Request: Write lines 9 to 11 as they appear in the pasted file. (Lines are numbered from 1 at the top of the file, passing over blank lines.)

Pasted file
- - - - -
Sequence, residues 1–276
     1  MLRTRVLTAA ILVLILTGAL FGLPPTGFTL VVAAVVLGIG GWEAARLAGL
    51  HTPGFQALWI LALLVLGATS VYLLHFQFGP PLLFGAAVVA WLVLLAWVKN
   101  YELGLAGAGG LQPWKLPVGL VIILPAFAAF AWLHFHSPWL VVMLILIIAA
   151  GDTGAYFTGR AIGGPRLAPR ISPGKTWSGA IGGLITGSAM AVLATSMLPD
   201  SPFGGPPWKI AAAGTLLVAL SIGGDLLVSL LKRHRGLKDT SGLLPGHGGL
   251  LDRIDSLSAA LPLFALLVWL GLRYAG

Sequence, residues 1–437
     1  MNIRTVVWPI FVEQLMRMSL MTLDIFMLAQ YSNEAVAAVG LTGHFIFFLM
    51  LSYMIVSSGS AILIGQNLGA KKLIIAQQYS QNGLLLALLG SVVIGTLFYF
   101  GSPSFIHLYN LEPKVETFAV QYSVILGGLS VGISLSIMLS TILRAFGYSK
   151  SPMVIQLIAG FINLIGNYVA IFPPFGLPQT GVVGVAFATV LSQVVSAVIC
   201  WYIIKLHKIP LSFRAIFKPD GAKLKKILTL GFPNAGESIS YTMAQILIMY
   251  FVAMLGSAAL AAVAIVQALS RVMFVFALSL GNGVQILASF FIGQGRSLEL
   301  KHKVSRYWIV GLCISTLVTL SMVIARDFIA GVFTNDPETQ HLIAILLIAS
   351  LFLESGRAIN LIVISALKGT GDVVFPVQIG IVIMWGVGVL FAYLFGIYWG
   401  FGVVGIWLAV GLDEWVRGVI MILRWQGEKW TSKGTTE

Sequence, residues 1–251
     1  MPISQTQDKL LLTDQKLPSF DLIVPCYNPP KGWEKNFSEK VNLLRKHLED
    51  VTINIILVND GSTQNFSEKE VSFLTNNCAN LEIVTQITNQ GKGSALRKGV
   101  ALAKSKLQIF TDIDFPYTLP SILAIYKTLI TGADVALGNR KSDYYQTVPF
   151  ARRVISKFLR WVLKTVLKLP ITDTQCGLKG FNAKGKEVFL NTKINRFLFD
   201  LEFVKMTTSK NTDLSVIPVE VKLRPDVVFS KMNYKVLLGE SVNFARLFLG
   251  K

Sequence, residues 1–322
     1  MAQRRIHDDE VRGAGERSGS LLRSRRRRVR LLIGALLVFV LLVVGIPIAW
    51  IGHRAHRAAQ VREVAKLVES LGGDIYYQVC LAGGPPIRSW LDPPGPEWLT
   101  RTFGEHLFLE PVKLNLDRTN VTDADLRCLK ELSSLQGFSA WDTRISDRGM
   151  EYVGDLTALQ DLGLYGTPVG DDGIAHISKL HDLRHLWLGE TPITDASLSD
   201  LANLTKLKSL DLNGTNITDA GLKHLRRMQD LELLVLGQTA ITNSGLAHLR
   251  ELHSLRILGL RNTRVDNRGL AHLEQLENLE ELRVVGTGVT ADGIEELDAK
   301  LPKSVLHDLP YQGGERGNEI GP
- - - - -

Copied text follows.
     1  MNIRTVVWPI FVEQLMRMSL MTLDIFMLAQ YSNEAVAAVG LTGHFIFFLM
    51  LSYMIVSSGS AILIGQNLGA KKLIIAQQYS QNGLLLALLG SVVIGTLFYF
   101  GSPSFIHLYN LEPKVETFAV QYSVILGGLS VGISLSIMLS TILRAFGYSK